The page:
Chinatown is a small historic neighborhood east of downtown Washington DC. It is known for its annual Chinese New Year Parade which features the traditional Chinese Dragon Dance, Kung Fu demonstrations, and live music. Chinatown is also home to Chinese and Asian restaurants, most of which are owned by Chinese American families.
When you arrive to Chinatown, the first thing that you will notice is the Friendship Arch, a traditional Chinese gate at the intersection of H and 7th Streets. Designed by local architect Alfed H. Liu in 1986, the Friendship Arch celebrates the friendship between the cities of Washington DC and Beijing. At night, the lights and scene have transformed the neighborhood into a mini Times Square. Smaller than New York’s Chinatown, DC’s version is easily walked in 10 minutes.
The boundaries of Chinatown are Eastside to 5th Street, Southside to G Street, Westside to 8th Street and Northside to Massachusetts Avenue NW. Chinatown overlaps other neighborhoods, including Mount Vernon Triangle and Penn Quarter. Each person’s image map of where one ends and the other begins differs, yet all are part of Downtown Washington DC.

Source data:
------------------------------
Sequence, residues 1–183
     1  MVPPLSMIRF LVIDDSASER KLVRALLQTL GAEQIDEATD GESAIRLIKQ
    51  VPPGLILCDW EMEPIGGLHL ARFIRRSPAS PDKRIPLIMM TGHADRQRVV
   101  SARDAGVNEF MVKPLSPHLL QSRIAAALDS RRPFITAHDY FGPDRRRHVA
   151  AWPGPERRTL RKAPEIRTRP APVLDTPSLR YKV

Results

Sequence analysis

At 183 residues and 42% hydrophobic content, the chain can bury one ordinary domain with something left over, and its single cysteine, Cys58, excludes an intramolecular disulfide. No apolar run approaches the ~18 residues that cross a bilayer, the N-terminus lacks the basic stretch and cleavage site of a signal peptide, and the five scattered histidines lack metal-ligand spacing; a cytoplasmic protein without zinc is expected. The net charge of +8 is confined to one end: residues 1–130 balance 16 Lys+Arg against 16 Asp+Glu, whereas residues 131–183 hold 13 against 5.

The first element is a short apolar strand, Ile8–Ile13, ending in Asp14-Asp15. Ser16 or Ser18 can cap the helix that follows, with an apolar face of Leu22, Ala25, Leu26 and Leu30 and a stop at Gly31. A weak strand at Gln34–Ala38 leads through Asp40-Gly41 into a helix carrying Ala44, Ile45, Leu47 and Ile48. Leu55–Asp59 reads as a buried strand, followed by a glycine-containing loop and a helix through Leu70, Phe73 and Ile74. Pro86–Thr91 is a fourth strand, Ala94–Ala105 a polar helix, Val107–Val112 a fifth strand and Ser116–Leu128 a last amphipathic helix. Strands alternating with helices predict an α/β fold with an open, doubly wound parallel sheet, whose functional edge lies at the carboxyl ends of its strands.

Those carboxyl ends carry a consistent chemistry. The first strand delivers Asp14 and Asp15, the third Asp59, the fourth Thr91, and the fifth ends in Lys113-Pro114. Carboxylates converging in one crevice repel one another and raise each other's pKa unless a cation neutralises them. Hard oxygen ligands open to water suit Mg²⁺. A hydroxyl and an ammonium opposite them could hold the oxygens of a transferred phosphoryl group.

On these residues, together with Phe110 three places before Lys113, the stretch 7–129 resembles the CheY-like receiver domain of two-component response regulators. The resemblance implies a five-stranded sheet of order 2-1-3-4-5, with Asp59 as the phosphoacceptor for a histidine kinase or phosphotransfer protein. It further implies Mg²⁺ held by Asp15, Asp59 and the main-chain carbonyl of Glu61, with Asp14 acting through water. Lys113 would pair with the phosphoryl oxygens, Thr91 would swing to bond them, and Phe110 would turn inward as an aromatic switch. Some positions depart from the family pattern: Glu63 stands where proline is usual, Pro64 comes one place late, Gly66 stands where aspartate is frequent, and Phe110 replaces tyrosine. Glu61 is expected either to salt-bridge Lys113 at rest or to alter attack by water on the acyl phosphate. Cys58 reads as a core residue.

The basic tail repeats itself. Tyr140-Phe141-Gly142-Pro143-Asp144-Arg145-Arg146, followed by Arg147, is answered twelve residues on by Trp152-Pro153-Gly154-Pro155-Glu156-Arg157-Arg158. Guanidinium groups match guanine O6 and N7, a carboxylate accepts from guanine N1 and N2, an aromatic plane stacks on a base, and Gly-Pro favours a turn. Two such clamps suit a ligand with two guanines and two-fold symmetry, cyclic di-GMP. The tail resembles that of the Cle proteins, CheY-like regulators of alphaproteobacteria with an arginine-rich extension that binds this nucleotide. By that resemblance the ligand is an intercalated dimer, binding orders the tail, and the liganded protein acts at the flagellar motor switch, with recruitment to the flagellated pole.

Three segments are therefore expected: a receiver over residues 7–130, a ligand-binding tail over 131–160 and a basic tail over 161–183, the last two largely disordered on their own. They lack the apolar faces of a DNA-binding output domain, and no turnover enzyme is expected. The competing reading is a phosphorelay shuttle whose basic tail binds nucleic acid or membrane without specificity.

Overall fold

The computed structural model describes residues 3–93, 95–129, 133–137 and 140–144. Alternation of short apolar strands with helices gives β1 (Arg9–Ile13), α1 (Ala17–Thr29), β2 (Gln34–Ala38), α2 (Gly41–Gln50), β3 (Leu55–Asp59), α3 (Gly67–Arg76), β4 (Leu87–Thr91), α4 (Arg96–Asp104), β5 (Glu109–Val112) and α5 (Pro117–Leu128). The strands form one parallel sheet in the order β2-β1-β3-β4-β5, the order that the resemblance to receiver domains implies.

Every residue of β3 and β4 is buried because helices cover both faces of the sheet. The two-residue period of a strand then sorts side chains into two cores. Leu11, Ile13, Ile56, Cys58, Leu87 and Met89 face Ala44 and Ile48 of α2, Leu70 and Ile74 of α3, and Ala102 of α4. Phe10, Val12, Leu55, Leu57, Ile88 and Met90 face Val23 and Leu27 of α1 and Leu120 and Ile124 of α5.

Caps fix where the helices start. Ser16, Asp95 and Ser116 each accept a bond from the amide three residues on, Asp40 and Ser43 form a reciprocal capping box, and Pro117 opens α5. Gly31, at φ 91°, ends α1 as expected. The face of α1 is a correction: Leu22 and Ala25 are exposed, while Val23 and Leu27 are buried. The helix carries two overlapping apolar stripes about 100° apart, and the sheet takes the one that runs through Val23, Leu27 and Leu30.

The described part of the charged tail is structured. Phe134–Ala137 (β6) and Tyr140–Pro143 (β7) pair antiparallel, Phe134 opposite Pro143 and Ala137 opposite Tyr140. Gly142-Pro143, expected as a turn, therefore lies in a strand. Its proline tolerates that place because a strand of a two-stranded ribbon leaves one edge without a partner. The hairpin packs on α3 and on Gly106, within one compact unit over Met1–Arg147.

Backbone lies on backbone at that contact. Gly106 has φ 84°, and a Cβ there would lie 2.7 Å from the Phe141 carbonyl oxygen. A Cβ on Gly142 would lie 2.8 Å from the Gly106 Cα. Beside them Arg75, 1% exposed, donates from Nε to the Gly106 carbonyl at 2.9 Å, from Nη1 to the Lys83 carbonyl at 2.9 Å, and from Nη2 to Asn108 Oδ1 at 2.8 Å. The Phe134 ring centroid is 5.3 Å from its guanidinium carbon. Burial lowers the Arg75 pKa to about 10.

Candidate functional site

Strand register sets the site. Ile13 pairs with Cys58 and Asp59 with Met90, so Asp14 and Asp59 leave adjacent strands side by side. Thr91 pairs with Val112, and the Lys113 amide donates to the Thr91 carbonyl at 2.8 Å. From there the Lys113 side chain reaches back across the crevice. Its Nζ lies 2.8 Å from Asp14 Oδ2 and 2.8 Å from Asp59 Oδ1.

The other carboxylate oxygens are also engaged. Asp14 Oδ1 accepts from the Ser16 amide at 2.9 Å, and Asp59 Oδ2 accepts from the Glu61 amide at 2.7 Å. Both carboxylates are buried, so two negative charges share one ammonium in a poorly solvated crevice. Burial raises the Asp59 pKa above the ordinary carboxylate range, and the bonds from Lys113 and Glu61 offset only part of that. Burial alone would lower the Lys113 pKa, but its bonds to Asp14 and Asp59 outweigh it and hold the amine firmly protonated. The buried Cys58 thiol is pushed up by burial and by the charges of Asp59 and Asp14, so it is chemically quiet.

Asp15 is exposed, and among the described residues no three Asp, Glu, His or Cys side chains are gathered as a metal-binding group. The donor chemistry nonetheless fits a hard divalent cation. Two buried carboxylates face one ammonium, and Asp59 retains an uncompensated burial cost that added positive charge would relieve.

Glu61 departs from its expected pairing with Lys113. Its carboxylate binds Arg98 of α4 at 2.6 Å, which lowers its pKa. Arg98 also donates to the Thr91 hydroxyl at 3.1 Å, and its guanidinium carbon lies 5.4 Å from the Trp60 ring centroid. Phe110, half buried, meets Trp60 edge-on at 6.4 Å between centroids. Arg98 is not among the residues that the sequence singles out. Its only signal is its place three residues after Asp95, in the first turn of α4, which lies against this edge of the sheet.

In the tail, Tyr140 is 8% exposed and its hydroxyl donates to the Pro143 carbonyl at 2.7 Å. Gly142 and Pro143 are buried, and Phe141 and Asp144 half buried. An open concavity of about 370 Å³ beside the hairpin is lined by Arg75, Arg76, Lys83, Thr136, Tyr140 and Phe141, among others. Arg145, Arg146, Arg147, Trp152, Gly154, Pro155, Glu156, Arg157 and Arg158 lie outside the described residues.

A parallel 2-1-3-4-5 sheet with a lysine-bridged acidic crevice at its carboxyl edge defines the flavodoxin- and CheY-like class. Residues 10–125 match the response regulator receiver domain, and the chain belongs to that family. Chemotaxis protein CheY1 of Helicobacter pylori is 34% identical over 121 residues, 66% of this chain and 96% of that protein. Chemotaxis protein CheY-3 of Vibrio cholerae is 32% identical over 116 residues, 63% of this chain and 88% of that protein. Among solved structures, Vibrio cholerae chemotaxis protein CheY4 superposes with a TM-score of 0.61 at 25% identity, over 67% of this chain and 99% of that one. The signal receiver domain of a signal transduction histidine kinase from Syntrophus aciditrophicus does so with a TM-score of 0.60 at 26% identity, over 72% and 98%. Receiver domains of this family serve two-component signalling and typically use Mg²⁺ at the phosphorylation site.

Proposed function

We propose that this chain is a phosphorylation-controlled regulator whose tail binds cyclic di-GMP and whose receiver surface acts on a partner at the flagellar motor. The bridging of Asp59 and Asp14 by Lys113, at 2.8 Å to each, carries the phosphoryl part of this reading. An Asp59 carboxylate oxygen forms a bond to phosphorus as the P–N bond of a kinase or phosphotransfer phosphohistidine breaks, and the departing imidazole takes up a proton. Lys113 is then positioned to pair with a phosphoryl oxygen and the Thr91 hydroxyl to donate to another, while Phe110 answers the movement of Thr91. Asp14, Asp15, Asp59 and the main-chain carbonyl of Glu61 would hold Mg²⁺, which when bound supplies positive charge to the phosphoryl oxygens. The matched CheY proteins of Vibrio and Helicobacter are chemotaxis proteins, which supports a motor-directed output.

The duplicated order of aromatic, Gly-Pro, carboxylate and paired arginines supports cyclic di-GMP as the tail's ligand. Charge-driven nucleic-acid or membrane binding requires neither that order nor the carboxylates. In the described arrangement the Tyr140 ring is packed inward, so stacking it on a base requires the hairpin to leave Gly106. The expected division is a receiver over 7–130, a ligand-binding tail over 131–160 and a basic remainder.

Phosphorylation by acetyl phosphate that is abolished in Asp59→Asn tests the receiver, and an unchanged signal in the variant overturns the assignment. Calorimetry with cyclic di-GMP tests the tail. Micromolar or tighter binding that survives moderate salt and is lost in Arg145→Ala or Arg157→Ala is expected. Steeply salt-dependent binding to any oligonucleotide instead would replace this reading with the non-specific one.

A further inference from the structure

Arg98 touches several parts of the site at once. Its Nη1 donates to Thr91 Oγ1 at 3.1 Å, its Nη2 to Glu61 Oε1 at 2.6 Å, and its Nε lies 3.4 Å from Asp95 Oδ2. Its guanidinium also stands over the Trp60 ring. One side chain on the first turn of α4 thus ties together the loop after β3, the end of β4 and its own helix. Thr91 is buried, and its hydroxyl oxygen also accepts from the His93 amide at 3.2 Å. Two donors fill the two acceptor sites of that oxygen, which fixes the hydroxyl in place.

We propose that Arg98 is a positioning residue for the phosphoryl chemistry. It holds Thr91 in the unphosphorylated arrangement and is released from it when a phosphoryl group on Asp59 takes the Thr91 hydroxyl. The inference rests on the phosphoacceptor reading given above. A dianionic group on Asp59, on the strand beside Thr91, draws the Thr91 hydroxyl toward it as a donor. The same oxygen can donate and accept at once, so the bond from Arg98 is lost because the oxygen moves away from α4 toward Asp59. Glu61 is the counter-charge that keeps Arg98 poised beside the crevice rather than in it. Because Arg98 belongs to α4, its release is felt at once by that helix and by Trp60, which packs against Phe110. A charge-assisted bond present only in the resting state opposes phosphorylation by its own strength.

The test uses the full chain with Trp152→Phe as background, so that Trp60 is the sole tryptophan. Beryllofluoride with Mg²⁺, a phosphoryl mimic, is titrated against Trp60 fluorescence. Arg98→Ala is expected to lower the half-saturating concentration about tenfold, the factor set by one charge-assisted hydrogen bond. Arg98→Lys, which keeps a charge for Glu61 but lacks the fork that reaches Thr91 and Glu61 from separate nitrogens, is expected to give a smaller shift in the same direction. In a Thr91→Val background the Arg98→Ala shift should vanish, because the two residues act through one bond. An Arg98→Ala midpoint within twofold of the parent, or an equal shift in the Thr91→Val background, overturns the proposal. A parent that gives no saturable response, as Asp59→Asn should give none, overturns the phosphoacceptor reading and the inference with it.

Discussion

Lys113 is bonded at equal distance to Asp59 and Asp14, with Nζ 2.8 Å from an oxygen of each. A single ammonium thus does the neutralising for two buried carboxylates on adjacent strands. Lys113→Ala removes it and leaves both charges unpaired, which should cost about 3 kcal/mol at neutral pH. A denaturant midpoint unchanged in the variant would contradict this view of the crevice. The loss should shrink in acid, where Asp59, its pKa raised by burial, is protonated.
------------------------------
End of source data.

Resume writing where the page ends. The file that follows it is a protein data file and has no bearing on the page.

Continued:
In the past, Chinatown was a thriving business community and family-oriented neighborhood. According to the DC Comprehensive Plan in 1984, Chinatown was defined as 9 blocks, but now it is just a few. The neighborhood used to stretch all the way to the Convention Center from 4th to 9th Streets and from F Street to Massachusetts Avenue. Over the years, Chinatown became smaller and smaller. Although it may be hard to find remnants of old Chinatown amidst the new developments, there are community groups in the area that are working hard to preserve its character, culture and traditions.